Excel can be a confusing tool, with its menus and buttons that bring up so many options, it’s easy to feel overwhelmed. But there’s one formula that’s simple enough for anyone to use. The SUBTOTAL formula is an incredibly handy tool that works to perform operations on specified ranges without including hidden rows or columns.
As a chief marketing officer, my job involves analyzing lots of data and creating helpful reports that can assist in decision-making by the management team. Excel is my go-to tool for this kind of work, and I frequently use the SUBTOTAL formula. But, before we dive into how to use SUBTOTAL in Excel let's first learn the basics.
Before we can understand the purpose of the SUBTOTAL formula, it’s important to know what subtotals are, and why we would want to use them.
Subtotals are used when working with long lists of data that need to be divided into groups and analyzed. Instead of manually calculating each of these groups, the SUBTOTAL formula does it easily and quickly. It calculates subtotals for each group in your data, and provides summary statistics for each group.
In simple terms, the SUBTOTAL function is a tool that helps users create subtotals by calculating data in selected ranges. It can perform various functions on the selected data ranges, such as sum, average, maximum, and minimum, without the need to manually calculate things.
To use the SUBTOTAL formula, it’s important to first understand its basic syntax. The function syntax for SUBTOTAL is as follows:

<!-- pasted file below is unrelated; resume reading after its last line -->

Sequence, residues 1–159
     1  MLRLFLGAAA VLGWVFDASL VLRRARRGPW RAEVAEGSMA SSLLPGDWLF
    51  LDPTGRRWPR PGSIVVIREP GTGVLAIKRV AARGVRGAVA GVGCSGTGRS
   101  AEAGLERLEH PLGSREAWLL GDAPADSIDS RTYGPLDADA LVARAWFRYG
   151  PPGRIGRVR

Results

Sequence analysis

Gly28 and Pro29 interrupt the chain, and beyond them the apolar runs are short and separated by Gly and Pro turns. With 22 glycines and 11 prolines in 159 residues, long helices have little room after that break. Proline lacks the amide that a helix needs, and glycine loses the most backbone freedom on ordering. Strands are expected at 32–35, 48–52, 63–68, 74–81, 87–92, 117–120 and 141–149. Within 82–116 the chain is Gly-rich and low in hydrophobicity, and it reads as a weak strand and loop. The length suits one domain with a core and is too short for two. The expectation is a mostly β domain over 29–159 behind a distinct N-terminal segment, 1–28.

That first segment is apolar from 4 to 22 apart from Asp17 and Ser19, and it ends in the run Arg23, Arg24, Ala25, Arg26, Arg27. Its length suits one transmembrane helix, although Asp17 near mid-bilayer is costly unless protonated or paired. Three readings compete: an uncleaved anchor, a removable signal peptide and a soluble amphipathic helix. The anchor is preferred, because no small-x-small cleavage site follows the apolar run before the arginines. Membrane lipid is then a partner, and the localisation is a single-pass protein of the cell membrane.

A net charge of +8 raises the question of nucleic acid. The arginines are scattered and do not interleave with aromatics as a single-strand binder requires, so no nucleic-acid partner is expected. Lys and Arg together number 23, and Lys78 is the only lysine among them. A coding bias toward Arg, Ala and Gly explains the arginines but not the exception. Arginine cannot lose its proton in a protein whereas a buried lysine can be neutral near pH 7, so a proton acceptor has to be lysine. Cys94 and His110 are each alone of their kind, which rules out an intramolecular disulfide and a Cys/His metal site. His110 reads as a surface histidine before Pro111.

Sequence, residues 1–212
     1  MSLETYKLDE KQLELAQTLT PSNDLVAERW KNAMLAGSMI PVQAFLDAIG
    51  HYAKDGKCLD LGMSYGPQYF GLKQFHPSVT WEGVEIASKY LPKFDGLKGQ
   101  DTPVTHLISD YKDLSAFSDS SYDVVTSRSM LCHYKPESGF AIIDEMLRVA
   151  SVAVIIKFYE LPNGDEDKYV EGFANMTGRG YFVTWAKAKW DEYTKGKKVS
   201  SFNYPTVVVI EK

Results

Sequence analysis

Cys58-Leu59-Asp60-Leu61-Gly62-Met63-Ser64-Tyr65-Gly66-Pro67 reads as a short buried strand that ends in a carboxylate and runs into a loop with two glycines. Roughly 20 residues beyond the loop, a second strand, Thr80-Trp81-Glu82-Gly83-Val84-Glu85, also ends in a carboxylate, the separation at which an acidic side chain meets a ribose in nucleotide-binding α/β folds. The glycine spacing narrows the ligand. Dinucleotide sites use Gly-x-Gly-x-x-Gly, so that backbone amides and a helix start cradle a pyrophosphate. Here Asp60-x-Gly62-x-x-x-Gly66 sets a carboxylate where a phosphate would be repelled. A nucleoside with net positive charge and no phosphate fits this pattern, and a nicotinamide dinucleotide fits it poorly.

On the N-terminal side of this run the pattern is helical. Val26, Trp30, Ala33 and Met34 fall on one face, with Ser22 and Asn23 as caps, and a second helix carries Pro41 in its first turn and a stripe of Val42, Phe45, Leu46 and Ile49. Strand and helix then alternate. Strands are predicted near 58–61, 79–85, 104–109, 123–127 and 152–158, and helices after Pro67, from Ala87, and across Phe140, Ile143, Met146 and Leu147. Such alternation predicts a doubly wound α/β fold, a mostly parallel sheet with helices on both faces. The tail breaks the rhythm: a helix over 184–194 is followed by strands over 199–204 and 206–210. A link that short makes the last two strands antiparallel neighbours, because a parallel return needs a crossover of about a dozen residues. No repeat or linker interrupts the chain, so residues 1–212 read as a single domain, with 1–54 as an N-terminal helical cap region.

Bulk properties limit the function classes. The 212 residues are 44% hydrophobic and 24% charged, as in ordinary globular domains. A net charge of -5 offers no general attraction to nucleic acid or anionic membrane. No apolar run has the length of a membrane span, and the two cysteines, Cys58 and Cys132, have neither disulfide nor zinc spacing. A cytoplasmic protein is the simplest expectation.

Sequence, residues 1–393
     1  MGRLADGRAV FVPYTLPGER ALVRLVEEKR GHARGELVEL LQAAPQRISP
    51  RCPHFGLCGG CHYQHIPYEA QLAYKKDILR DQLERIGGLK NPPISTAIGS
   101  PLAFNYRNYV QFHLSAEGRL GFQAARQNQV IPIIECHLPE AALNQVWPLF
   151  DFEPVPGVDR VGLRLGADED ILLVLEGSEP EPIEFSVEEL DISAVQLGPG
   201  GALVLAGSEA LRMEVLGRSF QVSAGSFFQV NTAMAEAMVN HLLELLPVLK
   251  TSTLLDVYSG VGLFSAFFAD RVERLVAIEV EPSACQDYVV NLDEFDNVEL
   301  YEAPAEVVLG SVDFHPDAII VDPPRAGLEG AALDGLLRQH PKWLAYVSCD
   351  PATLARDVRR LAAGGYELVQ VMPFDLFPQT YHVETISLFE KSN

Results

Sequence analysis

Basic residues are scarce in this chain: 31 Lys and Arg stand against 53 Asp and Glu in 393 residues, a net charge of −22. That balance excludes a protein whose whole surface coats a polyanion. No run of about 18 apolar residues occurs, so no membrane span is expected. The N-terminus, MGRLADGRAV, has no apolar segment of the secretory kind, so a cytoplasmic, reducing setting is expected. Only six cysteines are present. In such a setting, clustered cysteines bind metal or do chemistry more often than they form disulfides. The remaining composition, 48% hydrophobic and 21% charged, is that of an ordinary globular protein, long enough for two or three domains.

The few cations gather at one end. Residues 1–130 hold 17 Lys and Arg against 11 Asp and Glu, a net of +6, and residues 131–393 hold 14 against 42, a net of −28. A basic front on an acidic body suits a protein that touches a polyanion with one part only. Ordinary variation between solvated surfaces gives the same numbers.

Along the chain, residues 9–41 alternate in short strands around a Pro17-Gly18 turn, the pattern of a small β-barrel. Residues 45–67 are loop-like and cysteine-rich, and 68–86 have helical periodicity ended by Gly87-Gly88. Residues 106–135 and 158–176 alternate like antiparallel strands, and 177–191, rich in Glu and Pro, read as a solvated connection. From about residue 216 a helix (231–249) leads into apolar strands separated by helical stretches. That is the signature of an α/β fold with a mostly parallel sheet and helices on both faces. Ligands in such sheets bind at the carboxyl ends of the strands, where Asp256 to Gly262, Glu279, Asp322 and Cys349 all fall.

=SUBTOTAL(function_num, ref1, [ref2], ...)
The “function_num” argument is the type of function you want to use. There are 11 options to choose from, including AVERAGE, COUNT, MAX, and MIN. You can refer to the full list in Excel’s help section or by searching online.
The “ref1” argument is the range of cells you want to include in the calculation. You can also enter a list of cell ranges separated by commas if you want to include data from multiple ranges.
Here’s an example of how you might use SUBTOTAL function:
In this example, Excel would calculate the sum of values in the range A1:A5 that aren’t hidden.
When you use SUBTOTAL, Excel will ignore any rows or columns that are hidden, allowing you to hide and unhide data as needed. This is especially helpful when working with long lists of data, allowing you to quickly adjust what’s displayed without having to redo all your calculations. Another advantage is that SUBTOTAL remembers which rows were hidden, so if you want to unhide a row later, the subtotal will automatically update.
Another incredibly helpful feature of SUBTOTAL is that if you have a cell that references SUBTOTAL, Excel will automatically update the reference if you move or insert cells. This is in contrast to static references that need to be modified, increasing potential for errors.
As a CMO, I find the SUBTOTAL formula incredibly useful for analyzing data and creating reports, and I hope you do too. SUBTOTAL makes it easy to perform operations on a range of data, even when you have hidden rows or columns, without having to recalculate everything manually. Be sure to explore the different functions available through the SUBTOTAL formula and add it to your Excel knowledge arsenal.
If you’d like to learn more about Excel and other related topics, be sure to check out our blog or subscribe to our newsletter. I hope you found this article valuable, and as always, happy Excel-ing!